REGINA, Saskatchewan - The $400 million (U.S. $285 million) city employees and police pension funds in Regina want to more than double their real estate equity and direct mortgage investments, said Betty-Jane Thomas, manager-investments.
The funds want to raise their 2% in real estate equity to 5% to 7%; they would like to increase their 4% in direct commercial and residential mortgages to 10%.
She said they are searching for a manager that can invest in both real estate equity and direct mortgages. The funds now manage their real estate and mortgage portfolios in-house.
Assets will come from reducing Canadian balanced portfolios.
SAN DIEGO - The advisory committee to the $3.3 billion San Diego County treasurer's investment pool hired Metropolitan West, a money manager, to review the pool's portfolio and review investment guidelines for the pool.
The pool recently had about 25% of its assets in derivatives, including inverse floaters.
The Orange County bankruptcy crisis has made some investors in the San Diego pool - which includes cities and school districts - uncomfortable. The $2 billion San Diego County Employees' Retirement Association has about $450 million in the pool.
TORONTO - A restructuring plan for Cadillac Fairview Inc. includes involvement by two pension funds.
The plan will inject C$1 billion (U.S. $710 million) into the bankrupt property company. Among the rescuers are the Ontario Teachers Pension Board, its partner the Blackstone Group and the California Public Employees' Retirement System.
A limited partnership managed by Blackstone and Ontario Teachers will invest C$312 million and will own 31.1% of the company; C$200 million will come from a rights offering made to holders of Cadillac Fairview's existing subordinate debentures, of which the California Employees' is one. These investors collectively will own 19.9% of the company, on top of the 16.5% they will receive as part of the restructuring.
Blackstone and Ontario Teachers will pay C$188 million to Cadillac Fairview for a 75% interest in two Canadian malls; C$300 million will be raised from a new secured credit facility. Holders of syndicated debt who convert to equity will have a 32.5% stake in the company. The capital will be used to repay C$200 million of maturing property debt; C$50 million will go for restructuring costs; and the balance will be used to repay creditors with majority going to syndicated debt holders.
NEW YORK - San Francisco City and County Employees' Retirement System, State of Michigan Retirement Systems, Pennsylvania State Employes' Retirement System and the Washington State Investment Board are among the invesMichigan Retirement Systems, Pennsylvania State Employes' Retirement System and the Washington State Investment Board are among the investors in Sprout Capital VII.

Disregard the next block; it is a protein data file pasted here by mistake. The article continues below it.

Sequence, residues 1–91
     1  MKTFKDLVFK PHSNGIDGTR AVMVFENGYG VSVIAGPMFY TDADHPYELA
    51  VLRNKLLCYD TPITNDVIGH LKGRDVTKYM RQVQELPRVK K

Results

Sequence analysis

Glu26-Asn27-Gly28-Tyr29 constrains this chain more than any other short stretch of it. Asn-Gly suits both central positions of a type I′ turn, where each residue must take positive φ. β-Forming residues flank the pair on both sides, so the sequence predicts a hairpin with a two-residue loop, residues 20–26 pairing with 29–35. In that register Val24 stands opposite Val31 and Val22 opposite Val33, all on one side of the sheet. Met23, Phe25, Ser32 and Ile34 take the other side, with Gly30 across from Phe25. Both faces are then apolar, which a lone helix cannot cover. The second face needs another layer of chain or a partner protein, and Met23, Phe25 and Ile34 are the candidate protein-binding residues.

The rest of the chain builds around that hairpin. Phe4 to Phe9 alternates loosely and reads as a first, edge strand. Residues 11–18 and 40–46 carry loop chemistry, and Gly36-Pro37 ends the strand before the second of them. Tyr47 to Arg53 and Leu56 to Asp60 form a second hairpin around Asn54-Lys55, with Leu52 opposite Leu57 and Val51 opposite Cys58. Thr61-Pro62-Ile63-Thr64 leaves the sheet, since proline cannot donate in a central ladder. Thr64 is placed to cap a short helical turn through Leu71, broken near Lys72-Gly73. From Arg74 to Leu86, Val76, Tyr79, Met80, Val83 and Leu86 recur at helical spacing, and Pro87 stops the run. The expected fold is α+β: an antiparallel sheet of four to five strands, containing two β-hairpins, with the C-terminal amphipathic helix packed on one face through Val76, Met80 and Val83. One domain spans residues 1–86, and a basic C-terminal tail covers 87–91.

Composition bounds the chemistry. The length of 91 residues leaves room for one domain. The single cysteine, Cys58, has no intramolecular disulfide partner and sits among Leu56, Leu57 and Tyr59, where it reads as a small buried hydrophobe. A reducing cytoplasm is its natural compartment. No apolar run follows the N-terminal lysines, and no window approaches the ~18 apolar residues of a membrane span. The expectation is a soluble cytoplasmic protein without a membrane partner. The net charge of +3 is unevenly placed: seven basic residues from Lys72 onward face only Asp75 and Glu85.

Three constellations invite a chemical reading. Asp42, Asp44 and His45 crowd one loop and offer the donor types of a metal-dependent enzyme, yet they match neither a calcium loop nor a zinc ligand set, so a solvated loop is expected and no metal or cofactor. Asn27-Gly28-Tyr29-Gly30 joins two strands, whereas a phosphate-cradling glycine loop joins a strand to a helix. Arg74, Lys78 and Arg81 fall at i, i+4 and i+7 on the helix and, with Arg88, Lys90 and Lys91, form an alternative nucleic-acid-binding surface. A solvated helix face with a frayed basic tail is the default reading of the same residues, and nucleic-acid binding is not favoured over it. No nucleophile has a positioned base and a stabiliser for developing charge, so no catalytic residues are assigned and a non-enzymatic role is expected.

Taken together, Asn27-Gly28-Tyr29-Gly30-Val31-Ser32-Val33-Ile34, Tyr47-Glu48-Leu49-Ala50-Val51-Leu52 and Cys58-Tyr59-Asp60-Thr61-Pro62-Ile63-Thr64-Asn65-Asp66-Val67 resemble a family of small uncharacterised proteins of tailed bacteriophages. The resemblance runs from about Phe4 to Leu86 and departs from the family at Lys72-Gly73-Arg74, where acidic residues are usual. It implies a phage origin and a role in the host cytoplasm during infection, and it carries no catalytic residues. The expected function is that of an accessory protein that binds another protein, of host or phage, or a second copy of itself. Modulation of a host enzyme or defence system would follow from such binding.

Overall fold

The Sprout Group's latest venture capital fund raised $250 million, of which more than 75% came from existing Sprout investors.
Richard Kroon, managing partner, said Sprout will make initial investments of approximately $3 million in start-ups and will provide expansion and equity capital up to $30 million to $35 million in high-growth, restructuring and buy-out opportunities. It will invest in health care, information technology, retailing and business service companies.
ST.-LAURENT, Quebec - Canadian Marconi Co. is doing its first major review of its four specialty managers since hiring them more than four years ago, said Marcia McKenzie, secretary and treasurer.
"One of the managers we're particularly displeased with" because of performance, she said, identifying it only as a Canadian bond manager. The managers run some portfolios for both the C$105 million (U.S. $75 million) employee-directed defined contribution plan and the defined benefit plan, whose size wasn't immediately available. The fund is working with SEI and Mercer on the evaluation, which it expects to complete by early summer.
Managers are Sun Life Investment Management, Elliott & Page, Knight Bain Seath & Holbrook, and Fleming Canada Partners.
NEW YORK - Goldman Sachs analysts have altered their recommended asset allocation to reflect rising interest rates and weakness in the stock market.
Meanwhile, David Shulman, Salomon Brothers' chief equity analyst, is taking a contrarian view of the stock market, and expects the market will move lower.
Goldman's recommended allocation for balanced accounts cuts equities to 60% from 70%, increases bonds to 30% from 25% and hikes cash to 5% from zero.
Mr. Shulman is maintaining his recommended asset allocation of 45% stocks, 30% bonds and 25% cash, but recommends selling technology stocks, avoiding utilities and underweighting consumer cyclicals.